|Table 4 from Bender et al. 2005|
One can also use O2/N2 ratios to estimate the time dependence of land and ocean sequestration rates.
|Land, ocean, and total CO2 sequestration rates vs. time, 1993-2003, based on the O2 and CO2 balance, using data from Barrow, Samoa, and Cape Grim (Bender et al., 2005). From 1996-2001, land sequestration follows total sequestration closely, supporting independent conclusions that the land biosphere is responsible for most independent variability in CO2 uptake rates.|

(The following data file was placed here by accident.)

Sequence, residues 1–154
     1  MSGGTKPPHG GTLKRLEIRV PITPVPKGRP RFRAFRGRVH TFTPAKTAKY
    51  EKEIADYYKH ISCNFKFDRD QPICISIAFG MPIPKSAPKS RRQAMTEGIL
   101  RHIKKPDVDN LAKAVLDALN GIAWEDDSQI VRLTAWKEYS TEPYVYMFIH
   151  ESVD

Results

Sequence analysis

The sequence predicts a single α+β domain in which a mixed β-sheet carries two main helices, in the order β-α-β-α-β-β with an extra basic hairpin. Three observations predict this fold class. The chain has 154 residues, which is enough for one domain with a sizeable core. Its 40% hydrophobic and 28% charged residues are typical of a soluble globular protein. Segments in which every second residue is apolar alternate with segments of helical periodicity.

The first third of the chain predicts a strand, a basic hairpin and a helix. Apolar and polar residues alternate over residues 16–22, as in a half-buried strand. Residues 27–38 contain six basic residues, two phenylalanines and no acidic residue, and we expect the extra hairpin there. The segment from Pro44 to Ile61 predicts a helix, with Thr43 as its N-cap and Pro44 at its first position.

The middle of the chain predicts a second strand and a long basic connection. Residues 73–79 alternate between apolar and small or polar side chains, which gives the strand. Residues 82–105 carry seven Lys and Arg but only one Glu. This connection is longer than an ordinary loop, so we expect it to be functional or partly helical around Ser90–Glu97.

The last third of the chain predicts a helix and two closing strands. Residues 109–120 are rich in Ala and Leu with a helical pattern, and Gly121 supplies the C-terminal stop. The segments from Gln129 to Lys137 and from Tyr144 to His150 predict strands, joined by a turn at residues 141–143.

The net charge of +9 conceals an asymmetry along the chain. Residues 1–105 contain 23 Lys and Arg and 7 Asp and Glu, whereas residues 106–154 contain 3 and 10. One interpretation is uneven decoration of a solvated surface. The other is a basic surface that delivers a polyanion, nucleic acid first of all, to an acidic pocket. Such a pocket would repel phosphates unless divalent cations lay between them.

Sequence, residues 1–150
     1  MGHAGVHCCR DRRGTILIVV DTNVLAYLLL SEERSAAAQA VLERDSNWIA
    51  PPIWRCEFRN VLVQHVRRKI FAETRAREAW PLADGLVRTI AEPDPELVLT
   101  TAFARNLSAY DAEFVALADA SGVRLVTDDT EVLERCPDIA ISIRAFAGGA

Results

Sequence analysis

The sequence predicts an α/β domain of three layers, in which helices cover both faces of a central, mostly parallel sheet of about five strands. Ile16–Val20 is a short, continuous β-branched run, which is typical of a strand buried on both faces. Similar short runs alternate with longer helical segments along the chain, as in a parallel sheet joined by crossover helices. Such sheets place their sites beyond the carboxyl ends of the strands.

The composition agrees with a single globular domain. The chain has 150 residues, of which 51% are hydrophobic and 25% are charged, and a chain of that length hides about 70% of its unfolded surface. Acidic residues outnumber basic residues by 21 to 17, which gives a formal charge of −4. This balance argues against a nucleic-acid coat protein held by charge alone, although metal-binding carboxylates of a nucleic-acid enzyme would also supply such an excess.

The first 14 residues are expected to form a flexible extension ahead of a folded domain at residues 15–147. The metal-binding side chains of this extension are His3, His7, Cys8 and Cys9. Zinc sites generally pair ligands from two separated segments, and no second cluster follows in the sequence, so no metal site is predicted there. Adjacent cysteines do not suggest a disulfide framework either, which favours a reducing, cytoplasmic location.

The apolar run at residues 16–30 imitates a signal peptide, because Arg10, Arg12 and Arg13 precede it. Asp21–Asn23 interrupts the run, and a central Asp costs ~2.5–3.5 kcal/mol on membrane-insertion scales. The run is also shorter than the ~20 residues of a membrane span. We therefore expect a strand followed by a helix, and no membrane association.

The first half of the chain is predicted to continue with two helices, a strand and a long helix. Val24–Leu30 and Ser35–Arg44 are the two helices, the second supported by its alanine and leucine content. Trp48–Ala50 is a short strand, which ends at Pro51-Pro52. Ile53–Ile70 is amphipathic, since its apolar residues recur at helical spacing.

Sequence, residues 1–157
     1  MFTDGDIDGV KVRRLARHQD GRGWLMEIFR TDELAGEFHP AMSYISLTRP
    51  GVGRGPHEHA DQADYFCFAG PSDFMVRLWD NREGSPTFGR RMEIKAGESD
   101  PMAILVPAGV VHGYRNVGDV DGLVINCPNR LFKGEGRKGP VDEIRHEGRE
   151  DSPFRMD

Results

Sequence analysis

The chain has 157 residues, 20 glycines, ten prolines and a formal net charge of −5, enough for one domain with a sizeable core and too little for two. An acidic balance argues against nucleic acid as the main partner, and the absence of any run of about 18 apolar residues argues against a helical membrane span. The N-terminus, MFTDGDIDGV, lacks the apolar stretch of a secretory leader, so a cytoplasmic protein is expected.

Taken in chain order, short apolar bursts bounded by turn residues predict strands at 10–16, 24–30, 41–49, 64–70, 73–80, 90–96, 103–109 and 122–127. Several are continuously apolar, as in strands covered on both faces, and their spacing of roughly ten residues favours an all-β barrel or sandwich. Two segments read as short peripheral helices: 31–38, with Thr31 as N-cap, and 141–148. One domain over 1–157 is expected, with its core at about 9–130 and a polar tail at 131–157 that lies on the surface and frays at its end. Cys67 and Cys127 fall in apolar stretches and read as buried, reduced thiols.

Accurate measurements of the meridional gradient in the O2/N2 ratio of air can answer two interesting questions about the carbon cycle, as first recognized by Ralph Keeling, Britt Stephens, and their colleagues. First, the meridional gradient reflects terms of the anthropogenic fluxes. Combustion consumes O2 in the northern hemisphere, where it is focused. Uptake of CO2 by the land biosphere produces O2; again, this process occurs mainly in the northern hemisphere, where most forests lie. Second, the global ocean circulation, combined with biological fluxes, should lead to the transfer of O2 from the oceans to the atmosphere at the equator. This transfer originates mainly in the upwelling of O2 - poor, nutrient - rich waters in the equatorial Pacific. When this water reaches the surface, it absorbs O2 from the atmosphere. However, it bears nutrients which lead to the production of organic carbon as wells as O2, which is then transferred to the atmosphere. It turns out that nutrients enable production of more O2 than is removed by the initial undersaturation. As a result, one expects there to be a maximum in the O2/N2 ratio at the equator.